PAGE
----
Punta Brava Swell Statistics, March: All Swell – Any Wind
The rose diagram describes the range of swells directed at Punta Brava over a normal March and is based upon 2220 NWW3 model predictions since 2007 (values every 3 hours). The wave model does not forecast surf and wind right at the coastline so we have chosen the best grid node based on what we know about Punta Brava. In the case of Punta Brava, the best grid node is 74 km away (46 miles).
The rose diagram shows the distribution of swell directions and swell sizes, while the graph at the bottom shows the same thing but without direction information. Five colours represent increasing wave sizes. Very small swells of less than 0.5m (1.5 feet) high are shown in blue. These were forecast only 0.2% of the time. Green and yellow show increasing swell sizes and red shows the highest swells, greater than >3m (>10ft). In each graph, the area of any colour is proportional to how commonly that size swell happens.
The diagram implies that the dominant swell direction, shown by the longest spokes, was SSW, whereas the the dominant wind blows from the N. Because the wave model grid is out to sea, sometimes a strong offshore wind blows largest waves away from Punta Brava and offshore. We lump these in with the no surf category of the bar chart. To keep it simple we don't show these in the rose diagram. Because wind determines whether or not waves are good for surfing at Punta Brava, you can select a similar diagram that shows only the swells that were predicted to coincide with glassy or offshore wind conditions. During a typical March, swells large enough to cause clean enough to surf waves at Punta Brava run for about 100% of the time.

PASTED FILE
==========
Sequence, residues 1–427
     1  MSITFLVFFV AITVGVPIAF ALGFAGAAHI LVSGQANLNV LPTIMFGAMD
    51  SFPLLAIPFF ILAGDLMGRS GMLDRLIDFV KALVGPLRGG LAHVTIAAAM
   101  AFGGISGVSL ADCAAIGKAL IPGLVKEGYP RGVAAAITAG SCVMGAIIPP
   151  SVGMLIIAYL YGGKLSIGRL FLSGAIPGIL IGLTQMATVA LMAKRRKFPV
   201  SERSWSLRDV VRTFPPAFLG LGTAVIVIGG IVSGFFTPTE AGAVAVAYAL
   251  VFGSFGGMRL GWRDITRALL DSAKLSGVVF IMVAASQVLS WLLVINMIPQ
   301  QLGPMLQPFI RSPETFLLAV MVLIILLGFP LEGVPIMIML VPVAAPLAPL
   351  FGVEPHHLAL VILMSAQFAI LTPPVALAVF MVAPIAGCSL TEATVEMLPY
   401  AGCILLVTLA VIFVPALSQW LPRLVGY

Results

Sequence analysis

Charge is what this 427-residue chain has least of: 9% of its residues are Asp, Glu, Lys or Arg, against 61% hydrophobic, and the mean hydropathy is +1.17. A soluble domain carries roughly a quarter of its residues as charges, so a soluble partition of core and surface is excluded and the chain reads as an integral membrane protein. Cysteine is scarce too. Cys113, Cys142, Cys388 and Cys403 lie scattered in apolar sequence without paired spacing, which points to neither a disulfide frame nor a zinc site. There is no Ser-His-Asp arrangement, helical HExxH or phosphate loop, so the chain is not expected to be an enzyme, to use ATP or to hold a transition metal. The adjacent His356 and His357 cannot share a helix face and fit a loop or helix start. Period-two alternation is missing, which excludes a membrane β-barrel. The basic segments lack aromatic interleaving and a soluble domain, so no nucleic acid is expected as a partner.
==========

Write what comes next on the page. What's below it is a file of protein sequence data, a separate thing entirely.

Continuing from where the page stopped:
IMPORTANT: Beta version feature! Swell heights are open water values from NWW3. There is no attempt to model near-shore effects. Coastal wave heights will generally be less, especially if the break does not have unobstructed exposure to the open ocean.